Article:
What Makes a Good Gastroenterologist vs. a Bad Gastroenterologist
For many, many years I have struggled with nausea, acid reflux, and severe abdominal pain. Since I was 13, I have struggled with anorexia and binging and purging, but it wasn’t until the past few years that my abdominal issues became so severe that it became difficult for me to function. Due to my severe symptoms, I saw many gastroenterologists to address my pain and nausea.
To be honest, most of the gastroenterologists I saw were incredibly unhelpful and many were downright toxic. Throughout my recovery journey with my eating disorder, I have gained weight as my body begins to adjust to a healthier state. However, my weight gain has been used as a weapon against me by multiple gastroenterologists.
Upon seeing me, without hardly addressing my symptoms, I have been told that my weight is the cause of all of my pai n and discomfort and that all I need to do is lose weight to feel better. But what they didn’t even take into consideration is that even when I was at a lower weight, I struggled with the same pain and discomfort. Without considering any tests that could be done to address my pain and discomfort, I have been attacked and blamed for my weight and the most they said to me was that I probably have irritable bowel syndrome.
I consider these gastroenterologists to be “bad” because I often left my appointments in tears and feeling attacked. The appointments often only lasted 20 minutes at most, and they felt rushed as though the doctor seeing me felt like seeing me was a waste of time. These doctors would often refuse to listen to my health history and address my eating disorder as a possible cause of my pain, which it was.
Eventually, I saw my mother’s chiropractor and he suggested that I might have a hiatal hernia. This was the first time I felt seen, because my pain was taken seriously, and I felt like I was finally discovering the true cause of my pain. From there, I saw a general surgeon to have tests done to see if it really was a hiatal hernia that was possibly causing my pain. After confirming that I did have a hiatal hernia, I was referred to another surgeon. Little did I know that this was to be the most harmful appointment I had yet experienced.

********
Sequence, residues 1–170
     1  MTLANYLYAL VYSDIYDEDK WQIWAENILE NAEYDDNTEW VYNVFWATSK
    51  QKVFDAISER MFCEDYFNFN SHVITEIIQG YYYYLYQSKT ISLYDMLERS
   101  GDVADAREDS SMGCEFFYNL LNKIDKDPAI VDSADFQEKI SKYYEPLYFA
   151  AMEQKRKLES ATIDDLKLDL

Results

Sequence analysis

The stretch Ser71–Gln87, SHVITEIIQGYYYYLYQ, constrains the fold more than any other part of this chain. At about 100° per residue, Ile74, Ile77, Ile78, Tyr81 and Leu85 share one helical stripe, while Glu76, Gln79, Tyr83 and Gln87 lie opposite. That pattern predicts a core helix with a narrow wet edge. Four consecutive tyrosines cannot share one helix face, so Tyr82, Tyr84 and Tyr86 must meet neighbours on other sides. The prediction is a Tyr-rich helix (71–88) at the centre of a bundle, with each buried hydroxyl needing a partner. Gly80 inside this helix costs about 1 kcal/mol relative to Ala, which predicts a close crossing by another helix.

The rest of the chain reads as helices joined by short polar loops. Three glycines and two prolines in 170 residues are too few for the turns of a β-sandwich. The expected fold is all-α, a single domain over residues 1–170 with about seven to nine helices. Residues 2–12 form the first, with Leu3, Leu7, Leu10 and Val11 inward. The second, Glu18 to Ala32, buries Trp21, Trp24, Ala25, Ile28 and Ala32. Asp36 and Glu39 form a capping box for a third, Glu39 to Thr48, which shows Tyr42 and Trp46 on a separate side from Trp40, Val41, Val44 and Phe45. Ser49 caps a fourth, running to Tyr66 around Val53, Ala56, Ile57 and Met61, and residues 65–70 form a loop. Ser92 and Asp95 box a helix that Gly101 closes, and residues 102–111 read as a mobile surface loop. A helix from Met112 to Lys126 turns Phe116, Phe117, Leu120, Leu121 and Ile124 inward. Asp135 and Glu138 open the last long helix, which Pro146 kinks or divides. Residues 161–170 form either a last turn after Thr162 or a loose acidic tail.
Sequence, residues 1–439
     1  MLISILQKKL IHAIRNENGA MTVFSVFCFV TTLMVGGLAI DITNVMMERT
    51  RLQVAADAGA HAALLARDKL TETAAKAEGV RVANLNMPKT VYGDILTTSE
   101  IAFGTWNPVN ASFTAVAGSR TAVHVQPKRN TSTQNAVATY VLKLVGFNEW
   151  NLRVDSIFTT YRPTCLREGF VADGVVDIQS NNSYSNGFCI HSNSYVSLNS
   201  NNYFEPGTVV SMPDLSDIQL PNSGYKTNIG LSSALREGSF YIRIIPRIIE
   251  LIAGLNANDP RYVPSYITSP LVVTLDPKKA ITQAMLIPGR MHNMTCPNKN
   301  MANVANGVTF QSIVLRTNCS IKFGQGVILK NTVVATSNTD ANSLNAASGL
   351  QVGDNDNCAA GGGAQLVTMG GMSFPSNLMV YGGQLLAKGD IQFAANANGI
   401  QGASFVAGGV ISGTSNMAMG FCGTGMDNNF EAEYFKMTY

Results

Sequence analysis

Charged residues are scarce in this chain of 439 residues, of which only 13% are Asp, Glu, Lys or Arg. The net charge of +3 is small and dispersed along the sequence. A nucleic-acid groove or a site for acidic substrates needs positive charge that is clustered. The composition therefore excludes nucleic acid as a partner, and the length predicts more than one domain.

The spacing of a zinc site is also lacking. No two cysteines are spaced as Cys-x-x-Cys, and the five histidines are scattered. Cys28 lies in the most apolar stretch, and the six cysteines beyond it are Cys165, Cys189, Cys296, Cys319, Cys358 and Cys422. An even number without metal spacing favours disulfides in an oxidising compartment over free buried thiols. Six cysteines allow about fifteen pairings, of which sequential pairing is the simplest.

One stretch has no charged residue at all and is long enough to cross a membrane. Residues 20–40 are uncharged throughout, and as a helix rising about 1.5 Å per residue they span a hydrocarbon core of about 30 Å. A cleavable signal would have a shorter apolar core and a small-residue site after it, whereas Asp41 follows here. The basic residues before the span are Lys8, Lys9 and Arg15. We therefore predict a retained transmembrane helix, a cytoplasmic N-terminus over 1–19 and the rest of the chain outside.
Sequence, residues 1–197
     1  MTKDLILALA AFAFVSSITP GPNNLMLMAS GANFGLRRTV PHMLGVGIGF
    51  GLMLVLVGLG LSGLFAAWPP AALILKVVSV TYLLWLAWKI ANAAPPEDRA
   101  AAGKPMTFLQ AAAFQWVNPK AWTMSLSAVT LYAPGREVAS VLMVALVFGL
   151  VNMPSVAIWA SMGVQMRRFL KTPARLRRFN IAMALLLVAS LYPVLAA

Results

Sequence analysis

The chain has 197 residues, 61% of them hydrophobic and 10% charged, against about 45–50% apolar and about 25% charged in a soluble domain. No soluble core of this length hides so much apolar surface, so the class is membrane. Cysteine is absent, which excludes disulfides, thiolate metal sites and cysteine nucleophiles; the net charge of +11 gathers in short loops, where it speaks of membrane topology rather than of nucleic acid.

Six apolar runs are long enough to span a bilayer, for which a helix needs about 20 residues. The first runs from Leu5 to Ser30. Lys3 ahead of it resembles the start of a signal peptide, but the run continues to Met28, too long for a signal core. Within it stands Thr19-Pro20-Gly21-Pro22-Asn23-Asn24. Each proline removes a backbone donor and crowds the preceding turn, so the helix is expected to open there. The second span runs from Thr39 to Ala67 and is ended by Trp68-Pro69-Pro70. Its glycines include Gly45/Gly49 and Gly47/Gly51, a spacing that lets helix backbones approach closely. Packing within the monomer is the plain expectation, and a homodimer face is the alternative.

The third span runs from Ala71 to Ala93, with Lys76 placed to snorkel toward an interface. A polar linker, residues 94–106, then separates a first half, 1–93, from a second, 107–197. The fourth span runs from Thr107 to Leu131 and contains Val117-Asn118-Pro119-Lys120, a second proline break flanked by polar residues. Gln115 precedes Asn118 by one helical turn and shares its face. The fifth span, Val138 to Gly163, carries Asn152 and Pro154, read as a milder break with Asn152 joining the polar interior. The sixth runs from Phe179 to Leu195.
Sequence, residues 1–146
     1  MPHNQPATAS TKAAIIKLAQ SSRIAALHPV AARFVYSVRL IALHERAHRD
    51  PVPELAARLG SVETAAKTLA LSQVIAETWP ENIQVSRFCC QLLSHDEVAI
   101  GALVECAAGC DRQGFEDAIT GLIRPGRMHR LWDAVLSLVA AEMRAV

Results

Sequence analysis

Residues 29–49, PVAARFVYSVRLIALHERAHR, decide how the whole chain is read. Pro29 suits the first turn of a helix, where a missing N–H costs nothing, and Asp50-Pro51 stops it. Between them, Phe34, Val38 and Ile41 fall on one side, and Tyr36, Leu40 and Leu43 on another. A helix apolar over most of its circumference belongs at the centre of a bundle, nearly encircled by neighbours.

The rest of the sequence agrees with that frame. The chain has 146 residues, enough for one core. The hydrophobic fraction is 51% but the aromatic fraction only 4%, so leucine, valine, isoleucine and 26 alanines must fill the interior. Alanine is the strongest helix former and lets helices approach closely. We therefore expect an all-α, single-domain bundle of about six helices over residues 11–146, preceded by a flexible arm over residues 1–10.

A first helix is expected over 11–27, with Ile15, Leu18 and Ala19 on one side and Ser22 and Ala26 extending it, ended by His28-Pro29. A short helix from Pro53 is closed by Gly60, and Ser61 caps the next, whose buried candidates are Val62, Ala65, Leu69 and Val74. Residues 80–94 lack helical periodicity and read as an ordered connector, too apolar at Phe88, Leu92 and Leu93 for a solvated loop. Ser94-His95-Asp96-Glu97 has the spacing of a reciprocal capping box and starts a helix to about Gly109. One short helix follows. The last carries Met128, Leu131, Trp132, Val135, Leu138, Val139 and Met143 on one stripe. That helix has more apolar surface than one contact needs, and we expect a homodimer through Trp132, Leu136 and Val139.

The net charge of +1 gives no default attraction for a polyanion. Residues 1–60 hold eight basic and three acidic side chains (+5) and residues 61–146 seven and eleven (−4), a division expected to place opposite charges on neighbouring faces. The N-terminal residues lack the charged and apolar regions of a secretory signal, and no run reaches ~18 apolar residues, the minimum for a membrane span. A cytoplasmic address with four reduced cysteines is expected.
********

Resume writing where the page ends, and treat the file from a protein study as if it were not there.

When I saw this new surgeon, I discovered that she was a general surgeon, but she specialized in weight loss, which I did not know before seeing her. She completely discounted my pain and my hiatal hernia, and instead suggested that I needed weight loss surgery to solve all my problems. She discounted my eating disorder, and instead had the nerve to tell me that my “weight problem” was a medical condition that could be treated by weight loss surgery. I was absolutely devastated. I felt like once again, I was not being taken seriously, and it began to make me angry at my body because all of the doctors I had seen had insinuated that my body was the problem and that it needed to be fixed.
At this point, I was ready to give up seeing doctors. I had not yet found someone who would listen to me, and the appointments up until this point had done more harm than good. Because the doctors had all expressed how problematic my weight was, I had a relapse of my eating disorder and ended up having to go to partial hospitalization to try and get back on track with my recovery. It was while I was in partial hospitalization that my treatment team became very concerned about my hiatal hernia and acid reflux because of how my pain interfered with my ability to maintain my eating plan. I felt seen while in treatment because my pain and discomfort were acknowledged.
I ended up being able to see a surgeon while I was in treatment who became the very definition of a “good” healthcare provider. At this point, I had already been ready to give up ever finding help for my pain and discomfort, but this surgeon became the first gastroenterologist and surgeon who took me seriously and agreed to perform surgery on me to fix my hiatal hernia and improve my acid reflux. At no point did he criticize my weight, and he addressed my eating disorder by acknowledging that my eating disorder did cause my hiatal hernia, and that my weight was not a factor in my pain and suffering. This doctor became my savior, and after surgery, I no longer experience pain or acid reflux. His care and understanding were what made him a “good” physician.
It took me a long time to feel understood. For so long I had been harmed by gastroenterologists and surgeons simply because my weight was assumed to be the cause of all my problems, and this severely impacted my mental health. If you are experiencing the same thing, please know that you are not alone. Keep fighting to be heard and eventually, you will find a “good” doctor who will listen to you and regard your pain and discomfort in a caring way. Sometimes it just takes seeing multiple doctors before you find the one that serves you the best. Don’t give up.
Originally published at https://themighty.com on August 15, 2022.